Saturday, March 28, 2009

Iran's Salt Domes, Near Persian Gulf

More than 200 piercement salt plugs are present in southern Iran and in the Persian Gulf region. Recent investigations have shown the salt, the Hormuz Series, to be largely of Precambrian (late Proterozoic) age. The diapirs are famous for their tongue-like projections, known as "salt glaciers," and for their associated igneous, metamorphic, and sedimentary exotic blocks. In many places the salt plugs form spectacular mountains, rising up to 4,000 ft above the adjacent valley floor. The diapirs generally are associated with anticlines, and in many areas pierce the structure at the plunging end or on the flanks. Diapirs in synclines also are present. (source: Salt Diapirism in Southern Iran, M. A. Ala, AAPG Bulletin Volume 58)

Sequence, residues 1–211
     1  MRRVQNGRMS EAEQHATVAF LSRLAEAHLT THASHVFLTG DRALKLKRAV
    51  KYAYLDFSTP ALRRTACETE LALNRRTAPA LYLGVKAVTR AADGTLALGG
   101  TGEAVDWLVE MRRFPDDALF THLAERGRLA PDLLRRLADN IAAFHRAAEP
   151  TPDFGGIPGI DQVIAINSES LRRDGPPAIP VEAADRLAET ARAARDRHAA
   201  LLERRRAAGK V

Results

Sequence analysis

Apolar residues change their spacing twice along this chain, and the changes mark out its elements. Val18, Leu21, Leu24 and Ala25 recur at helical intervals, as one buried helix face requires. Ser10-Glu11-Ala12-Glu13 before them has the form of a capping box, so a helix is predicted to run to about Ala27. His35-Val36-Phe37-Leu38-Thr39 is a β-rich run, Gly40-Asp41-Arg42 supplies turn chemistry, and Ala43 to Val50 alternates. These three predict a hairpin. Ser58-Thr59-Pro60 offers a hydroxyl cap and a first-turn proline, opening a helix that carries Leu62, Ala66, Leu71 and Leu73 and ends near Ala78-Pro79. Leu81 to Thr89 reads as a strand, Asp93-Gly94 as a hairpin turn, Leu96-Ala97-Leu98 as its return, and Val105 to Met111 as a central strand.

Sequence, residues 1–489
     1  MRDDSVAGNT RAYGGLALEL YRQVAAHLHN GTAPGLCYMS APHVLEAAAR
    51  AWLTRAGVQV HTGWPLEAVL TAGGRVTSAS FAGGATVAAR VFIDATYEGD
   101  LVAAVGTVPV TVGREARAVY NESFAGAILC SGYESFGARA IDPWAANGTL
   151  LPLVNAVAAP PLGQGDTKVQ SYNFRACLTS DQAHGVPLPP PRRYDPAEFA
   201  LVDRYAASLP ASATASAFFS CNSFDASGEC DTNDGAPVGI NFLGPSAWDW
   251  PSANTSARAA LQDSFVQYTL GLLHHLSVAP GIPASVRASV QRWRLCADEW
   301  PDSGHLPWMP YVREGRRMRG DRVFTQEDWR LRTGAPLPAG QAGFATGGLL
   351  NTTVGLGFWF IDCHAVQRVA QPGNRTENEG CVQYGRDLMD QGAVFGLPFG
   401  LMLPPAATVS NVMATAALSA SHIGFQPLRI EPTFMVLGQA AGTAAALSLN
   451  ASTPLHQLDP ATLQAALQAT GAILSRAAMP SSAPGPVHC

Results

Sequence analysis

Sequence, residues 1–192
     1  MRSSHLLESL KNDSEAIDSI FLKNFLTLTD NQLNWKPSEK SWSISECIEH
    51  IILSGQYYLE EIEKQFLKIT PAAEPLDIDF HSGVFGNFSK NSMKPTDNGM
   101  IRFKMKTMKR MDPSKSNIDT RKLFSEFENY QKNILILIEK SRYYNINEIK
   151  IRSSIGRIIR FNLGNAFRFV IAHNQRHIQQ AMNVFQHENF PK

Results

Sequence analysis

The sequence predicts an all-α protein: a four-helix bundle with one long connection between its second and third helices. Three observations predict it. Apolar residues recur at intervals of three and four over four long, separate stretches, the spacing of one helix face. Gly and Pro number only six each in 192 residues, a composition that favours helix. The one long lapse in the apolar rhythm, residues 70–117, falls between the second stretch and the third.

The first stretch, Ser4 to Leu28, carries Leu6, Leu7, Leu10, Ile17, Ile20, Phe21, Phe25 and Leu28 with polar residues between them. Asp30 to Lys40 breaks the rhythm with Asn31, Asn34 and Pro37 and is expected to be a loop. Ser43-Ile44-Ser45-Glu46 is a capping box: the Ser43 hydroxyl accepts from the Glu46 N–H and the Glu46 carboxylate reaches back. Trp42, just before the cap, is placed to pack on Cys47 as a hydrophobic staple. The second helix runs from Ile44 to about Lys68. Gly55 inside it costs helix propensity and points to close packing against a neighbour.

an average patriot said...

Those are absolutely gorgeous! I take it Iran was under water too at one time. You never think of that. Those are beautiful!

nunya said...

Wow, those are very striking photographs. Thanks for posting :)

Naj said...

Yup, striking they are! I have to say I had no clue about them myself.

Apparently, these mountains were the source of edible salt for the southern provinces. I knew "salt mountains" existed in Iran, I didn't know of their striking beauty!

I wish I go back and "see" Iran before it becomes a tourist stampede ... but I also appreciate tourism; which I am sure will reduce our reliance on oil!